An Ad Hominem attack is where you go after your opponent personally rather than attacking their argument.  This is a common tactic seen in politics all over the world.  But it is what we call in logic, a material fallacy.

Even if the person making the argument has some great personal defect, it does not disprove their point (unless the argument revolves around character itself).  For example, a drug addict can tell you that drugs are bad.  The fact that this person is hypocritically using drugs does not make his statement untrue.  If someone calls you out for being a sinner, it does not therefore mean that the Gospel message you were giving was untrue.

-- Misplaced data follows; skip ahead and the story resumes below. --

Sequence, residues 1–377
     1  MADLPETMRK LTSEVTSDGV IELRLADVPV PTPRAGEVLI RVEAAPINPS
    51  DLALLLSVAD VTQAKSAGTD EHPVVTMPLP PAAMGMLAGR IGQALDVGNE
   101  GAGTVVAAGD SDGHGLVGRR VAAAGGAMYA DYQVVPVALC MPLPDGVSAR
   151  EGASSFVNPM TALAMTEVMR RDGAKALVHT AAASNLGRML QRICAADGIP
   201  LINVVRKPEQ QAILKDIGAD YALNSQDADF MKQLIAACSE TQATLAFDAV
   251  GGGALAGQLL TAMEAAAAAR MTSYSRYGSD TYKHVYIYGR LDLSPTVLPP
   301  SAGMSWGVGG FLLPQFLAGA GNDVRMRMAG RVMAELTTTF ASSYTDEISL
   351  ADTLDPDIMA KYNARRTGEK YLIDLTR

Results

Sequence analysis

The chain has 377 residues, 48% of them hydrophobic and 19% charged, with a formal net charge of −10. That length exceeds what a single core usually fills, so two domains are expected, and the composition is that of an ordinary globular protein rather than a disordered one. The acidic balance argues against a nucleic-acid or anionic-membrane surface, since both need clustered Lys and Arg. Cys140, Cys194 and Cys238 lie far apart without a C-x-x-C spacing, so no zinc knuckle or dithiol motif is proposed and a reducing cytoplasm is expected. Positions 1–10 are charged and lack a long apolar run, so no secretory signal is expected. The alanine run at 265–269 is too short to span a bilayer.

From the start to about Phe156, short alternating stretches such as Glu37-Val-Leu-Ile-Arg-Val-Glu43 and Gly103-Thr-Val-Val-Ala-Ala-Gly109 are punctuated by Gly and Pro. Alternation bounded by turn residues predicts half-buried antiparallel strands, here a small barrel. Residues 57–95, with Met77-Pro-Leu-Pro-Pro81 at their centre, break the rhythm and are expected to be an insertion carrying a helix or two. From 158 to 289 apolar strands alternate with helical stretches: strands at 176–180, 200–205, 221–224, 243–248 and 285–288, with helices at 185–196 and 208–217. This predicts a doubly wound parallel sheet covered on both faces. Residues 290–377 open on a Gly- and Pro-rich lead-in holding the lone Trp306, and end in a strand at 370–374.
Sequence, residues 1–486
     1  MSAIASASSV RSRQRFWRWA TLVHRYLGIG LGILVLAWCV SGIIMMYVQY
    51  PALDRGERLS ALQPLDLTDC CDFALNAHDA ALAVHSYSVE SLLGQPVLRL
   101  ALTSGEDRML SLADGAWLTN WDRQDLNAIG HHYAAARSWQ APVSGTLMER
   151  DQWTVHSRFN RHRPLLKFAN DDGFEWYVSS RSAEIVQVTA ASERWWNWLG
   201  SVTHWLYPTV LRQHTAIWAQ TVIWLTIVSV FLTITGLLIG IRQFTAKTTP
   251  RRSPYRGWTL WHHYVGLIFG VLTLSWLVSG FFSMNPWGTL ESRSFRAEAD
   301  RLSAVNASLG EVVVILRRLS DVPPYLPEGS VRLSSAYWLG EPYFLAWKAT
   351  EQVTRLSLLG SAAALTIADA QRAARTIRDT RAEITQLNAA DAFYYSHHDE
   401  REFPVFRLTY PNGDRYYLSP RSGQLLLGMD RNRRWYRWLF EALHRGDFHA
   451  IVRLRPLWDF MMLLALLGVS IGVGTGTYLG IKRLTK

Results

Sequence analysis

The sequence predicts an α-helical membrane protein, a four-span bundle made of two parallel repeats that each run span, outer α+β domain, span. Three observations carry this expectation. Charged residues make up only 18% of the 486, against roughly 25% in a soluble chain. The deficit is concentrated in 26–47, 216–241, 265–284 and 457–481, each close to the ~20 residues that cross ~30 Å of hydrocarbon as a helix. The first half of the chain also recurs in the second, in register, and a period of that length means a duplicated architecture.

(But for safety’s sake, be sure to go back to lesson 1.)

3.  Knowledge and Action are separate things.

I once had a student say to me, “No offense,” (which always means they are about to say something they think is offensive), “but if you are such a big sinner why should I ever listen to you about morals?”  Below is a paraphrase of the dialog we had.

Me:  Are you an athlete?

Student: Yes.

Me: What do you play?

Student: Basketball.

Me: Do you have a coach?

Student: Yes.

Me:  Is he a good coach?

Student: What do you mean?

Me: Does he teach you good strategy and skills, like how to shoot an accurate three-pointer?

Student:  Yes.

Me:  Who is in better shape?  You or your coach?

Student.  I am, I guess.

Me:  So if you had a three-point shooting competition, who would win?

Student: Me.

Me:  So your coach can’t shoot three-pointers as well as you?